Currently in the prototype stage, it has been demonstrated powering LED lights and the blades of a small model helicopter from the energy generated, say executives.
The product adheres to glass while keeping it transparent, according to the company, which says that it can generate electrical current and voltage from artificial light in addition to sunlight. This makes it suitable for generating electricity from the fluorescent lights found in offices, New Energy Technologies said in a statement.
"Engineers modeling a 40-story building, similar to Tampas landmark 100 North Tampa, estimate annual cost-savings of $40,000 to $70,000 when installing New Energy's SolarWindow to exposed window facades," said the firm in a statement on Monday. "In contrast, mounting todays popular poly-crystalline silicon modules on the rooftop produces only $20,000 in energy savings per year. "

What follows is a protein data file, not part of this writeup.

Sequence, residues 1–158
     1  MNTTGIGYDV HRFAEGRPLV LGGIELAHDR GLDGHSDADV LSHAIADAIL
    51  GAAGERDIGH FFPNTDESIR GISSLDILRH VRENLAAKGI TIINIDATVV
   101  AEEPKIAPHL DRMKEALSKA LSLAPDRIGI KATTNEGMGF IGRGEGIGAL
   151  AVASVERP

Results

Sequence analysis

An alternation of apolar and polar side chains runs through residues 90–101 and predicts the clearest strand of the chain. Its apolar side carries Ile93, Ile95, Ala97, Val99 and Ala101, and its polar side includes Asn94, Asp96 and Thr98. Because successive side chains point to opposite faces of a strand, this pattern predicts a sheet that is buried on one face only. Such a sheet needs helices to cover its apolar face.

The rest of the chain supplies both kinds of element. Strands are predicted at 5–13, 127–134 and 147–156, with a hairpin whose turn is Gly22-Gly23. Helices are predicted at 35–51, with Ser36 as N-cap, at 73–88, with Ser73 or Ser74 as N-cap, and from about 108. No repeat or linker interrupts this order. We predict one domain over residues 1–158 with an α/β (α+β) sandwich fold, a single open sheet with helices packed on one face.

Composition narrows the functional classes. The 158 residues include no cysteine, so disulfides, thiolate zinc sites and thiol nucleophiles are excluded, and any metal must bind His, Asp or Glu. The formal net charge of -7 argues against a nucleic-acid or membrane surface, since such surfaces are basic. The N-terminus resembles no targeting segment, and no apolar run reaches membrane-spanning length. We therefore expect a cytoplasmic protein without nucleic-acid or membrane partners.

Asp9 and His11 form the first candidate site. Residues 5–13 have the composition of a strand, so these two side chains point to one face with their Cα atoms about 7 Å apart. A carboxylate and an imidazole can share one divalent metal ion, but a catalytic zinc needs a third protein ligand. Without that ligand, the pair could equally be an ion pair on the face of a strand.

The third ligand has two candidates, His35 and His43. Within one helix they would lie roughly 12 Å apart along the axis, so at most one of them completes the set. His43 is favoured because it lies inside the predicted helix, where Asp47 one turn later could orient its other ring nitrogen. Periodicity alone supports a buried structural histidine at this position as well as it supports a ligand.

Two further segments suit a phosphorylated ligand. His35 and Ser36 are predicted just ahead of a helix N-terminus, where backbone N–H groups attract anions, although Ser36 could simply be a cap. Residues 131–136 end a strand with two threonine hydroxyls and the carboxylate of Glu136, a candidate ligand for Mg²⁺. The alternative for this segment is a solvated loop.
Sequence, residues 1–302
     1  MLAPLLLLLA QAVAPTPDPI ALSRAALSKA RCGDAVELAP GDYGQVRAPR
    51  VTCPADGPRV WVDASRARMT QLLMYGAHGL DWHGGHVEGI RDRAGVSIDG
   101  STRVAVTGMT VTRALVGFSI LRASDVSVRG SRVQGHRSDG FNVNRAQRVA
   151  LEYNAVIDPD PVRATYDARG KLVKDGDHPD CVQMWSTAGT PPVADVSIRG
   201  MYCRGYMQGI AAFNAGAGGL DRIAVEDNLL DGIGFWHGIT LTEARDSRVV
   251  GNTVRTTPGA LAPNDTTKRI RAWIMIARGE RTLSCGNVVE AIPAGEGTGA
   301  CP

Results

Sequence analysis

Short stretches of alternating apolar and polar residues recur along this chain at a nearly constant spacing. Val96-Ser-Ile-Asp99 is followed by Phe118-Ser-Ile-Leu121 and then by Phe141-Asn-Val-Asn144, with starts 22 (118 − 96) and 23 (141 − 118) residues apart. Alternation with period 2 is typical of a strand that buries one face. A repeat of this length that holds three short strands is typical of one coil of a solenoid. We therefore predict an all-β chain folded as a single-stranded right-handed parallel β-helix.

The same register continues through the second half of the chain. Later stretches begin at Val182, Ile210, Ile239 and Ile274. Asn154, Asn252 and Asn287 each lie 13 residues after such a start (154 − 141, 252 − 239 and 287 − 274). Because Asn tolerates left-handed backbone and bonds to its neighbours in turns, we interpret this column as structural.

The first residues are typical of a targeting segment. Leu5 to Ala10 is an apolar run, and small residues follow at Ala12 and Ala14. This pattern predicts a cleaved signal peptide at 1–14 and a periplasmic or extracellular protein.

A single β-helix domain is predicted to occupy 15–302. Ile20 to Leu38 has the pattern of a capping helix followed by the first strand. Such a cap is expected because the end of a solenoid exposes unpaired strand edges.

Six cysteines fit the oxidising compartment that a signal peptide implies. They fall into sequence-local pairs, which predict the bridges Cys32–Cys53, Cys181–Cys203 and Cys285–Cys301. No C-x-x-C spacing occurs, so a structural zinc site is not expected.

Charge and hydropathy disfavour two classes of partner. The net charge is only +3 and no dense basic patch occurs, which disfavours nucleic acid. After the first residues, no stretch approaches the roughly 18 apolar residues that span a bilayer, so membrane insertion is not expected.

Following a public demonstration of the technology, the company plans to publish comprehensive performance data based on independent, third-party measurement and engineering tests.
John A Conklin, president and chief executive at the company, said the product was only a few steps away from a full commercial launch. "Im eager to aggressively advance this technology towards commercial prototyping in preparation for eventual full-scale production to capitalise on our market of more than five million commercial buildings and 80 million detached homes in America," he said.
New Energy Technologies is developing a reputation for outlandish renewable energy projects. It is also developing a product called MotionPower, which would harvest the kinetic energy from vehicles as they passed over it.
source: APEC-VC Korea
저작권자 © Korea IT Times 무단전재 및 재배포 금지